One of the most persistent myths in biology is that fish are silent. Your goldfish might be the quietest pet you'll ever have, but out in the open ocean, there's a legit cacophony of hoots, moans, barks, and chirps that our human ears aren't capable of perceiving. 

And now scientists have found evidence that certain species of fish actually sing together, in a chorus, each day at dawn and dusk. Yep, just like birds, fish sing together when the Sun rises and falls.

Over the past decade or so, researchers have been increasingly familiarising themselves with the vocalisations of fish. 

According to Emily Anthes from the New Yorker, more than 800 species have so far been confirmed to make some sort of noise, and some even appear to engage in shouting matches in parts of the ocean that are particularly loud.

As Anthes explains: 

"Clownfish chirp and pop by gnashing their teeth together. Oyster toadfish hum and blare like foghorns by quickly contracting muscles attached to their swim bladders. Croaking gourami make their signature noise by snapping the tendons of their pectoral fins."

While it goes against our long-held assumption that birds and mammals are noisy but fish are our silent friends, it makes sense that fish vocalise just like everyone else. 

In nature, shouting is probably the most effective way to get someone's attention. Frogs croak to find mates, prairie dogs have a complex series of "yips" to alert each other of danger, and baby birds would really like to let you know how freaking hungry they are.

And now we have evidence that fish hoot and holler to each other to call on mates, settle territorial disputes, and find food.

"I've been listening to fish squawks, burble and pops for nearly 30 years now, and they still amaze me with their variety," Robert McCauley from Curtin University in Western Australia told Greta Keenan at New Scientist. 

"We are only just beginning to appreciate the complexity involved, and still have only a crude idea of what is going on in the undersea acoustic environment."

McCauley and his team just completed an 18-month study of fish sounds in the coastal waters off Port Headland in Western Australia, and in that time, managed to identify seven distinct choruses, which rise up at both dawn and at dusk. 

You can listen to three of the choruses here, which together sound like something Sebastian the Crab cooked up:

According to Keenan, that lone 'foghorn' sound is made by a black jewfish (Protonibea diacanthus), while the grunting call that the team compares to the "buzzer in the Operation board game" comes from a species of Terapontid - a family of fish known as grunters or tiger perches.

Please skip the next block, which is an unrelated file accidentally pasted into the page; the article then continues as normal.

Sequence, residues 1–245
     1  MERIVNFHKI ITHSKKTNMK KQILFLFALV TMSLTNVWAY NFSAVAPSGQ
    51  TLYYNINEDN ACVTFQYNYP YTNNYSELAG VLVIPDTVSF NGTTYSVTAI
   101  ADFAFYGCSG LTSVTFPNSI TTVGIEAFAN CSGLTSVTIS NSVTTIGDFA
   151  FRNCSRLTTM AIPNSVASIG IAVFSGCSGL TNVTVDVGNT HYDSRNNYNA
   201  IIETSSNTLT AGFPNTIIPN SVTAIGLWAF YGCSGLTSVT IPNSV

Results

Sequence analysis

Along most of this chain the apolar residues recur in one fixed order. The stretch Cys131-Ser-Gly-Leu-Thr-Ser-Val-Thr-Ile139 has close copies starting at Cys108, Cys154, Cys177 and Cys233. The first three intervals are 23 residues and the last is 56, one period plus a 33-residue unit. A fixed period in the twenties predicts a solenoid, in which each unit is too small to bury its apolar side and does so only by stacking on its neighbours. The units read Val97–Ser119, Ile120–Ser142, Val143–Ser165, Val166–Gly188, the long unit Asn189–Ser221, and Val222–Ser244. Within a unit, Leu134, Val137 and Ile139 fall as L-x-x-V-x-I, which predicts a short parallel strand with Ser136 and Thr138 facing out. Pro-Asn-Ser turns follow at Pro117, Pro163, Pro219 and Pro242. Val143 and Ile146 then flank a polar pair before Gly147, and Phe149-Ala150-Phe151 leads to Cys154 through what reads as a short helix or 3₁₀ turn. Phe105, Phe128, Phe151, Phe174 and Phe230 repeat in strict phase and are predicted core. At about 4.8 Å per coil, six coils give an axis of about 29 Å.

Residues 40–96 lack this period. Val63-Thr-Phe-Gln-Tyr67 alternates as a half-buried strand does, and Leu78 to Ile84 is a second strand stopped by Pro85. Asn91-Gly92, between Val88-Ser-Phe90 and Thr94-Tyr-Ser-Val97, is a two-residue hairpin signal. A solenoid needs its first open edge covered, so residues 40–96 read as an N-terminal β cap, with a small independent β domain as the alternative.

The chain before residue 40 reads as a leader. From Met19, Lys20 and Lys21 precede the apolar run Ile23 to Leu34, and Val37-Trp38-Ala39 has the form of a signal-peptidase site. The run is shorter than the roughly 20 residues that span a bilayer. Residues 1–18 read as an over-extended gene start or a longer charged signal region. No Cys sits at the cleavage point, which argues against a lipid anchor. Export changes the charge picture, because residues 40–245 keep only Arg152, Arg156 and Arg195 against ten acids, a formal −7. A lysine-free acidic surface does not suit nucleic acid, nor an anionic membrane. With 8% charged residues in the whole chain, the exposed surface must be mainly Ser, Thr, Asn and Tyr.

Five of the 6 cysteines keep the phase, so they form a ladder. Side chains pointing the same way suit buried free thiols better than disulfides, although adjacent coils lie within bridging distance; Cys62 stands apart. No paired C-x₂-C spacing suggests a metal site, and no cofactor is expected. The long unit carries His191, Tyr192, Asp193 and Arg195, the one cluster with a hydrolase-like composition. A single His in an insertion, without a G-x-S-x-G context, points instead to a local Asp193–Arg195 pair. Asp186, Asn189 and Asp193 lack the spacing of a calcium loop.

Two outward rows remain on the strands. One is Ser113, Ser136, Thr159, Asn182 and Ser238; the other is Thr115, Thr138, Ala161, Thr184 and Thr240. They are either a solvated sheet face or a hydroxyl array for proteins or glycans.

The softer "ba-ba-ba" chorus is being made by batfish.

The team recorded the sounds using two sea-noise loggers, located 21.5 km apart, at 8 and 18 metres deep. Over the 18-month period, the seven different fish choruses were recorded mainly through late spring and early autumn, and the team reports that there were 80 days when more than one chorus was being made at the same site

"When fish call en masse, producing a high level chorus over a defined, several-hour period, they can produce a continuous choruses," the researchers explain, adding that many of them matches their vocal behaviour to the solar and lunar cycles.

"As with other tropical waters, this area of Australia is diverse in the number of call types evident on the recordings."

So why listen in on what fish have to say? 

Just as birds have been found to sing louder in cities so their prospective mates can hear them over all that urbanisation, the same thing is likely happening underwater, with all the acoustic pollution we're spreading around.

So far, McCauley's team couldn't find evidence that the Port Headland fish were particularly fazed by sound pollution in their patch of ocean, but it could be a different story elsewhere. Previous studies have already suggested that the ocean is getting too noisy for whales and dolphins.

"All seven choruses continued for many days despite significant anthropogenic noise within a similar frequency band, implying that, in the short term at least, the callers are not directly displaced by the elevated background noise," say the researchers.

The research has been published in Bioacoustics.